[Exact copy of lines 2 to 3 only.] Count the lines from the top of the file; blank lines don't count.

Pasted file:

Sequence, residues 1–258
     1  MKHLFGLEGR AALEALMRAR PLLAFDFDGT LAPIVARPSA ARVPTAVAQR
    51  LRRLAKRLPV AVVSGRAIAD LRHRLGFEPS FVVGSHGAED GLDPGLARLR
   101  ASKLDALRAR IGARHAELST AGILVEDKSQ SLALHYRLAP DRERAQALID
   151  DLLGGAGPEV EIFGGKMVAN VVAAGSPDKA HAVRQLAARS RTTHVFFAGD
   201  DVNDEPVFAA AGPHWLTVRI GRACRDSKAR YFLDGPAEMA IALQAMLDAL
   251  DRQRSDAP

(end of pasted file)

     1  MKHLFGLEGR AALEALMRAR PLLAFDFDGT LAPIVARPSA ARVPTAVAQR
    51  LRRLAKRLPV AVVSGRAIAD LRHRLGFEPS FVVGSHGAED GLDPGLARLR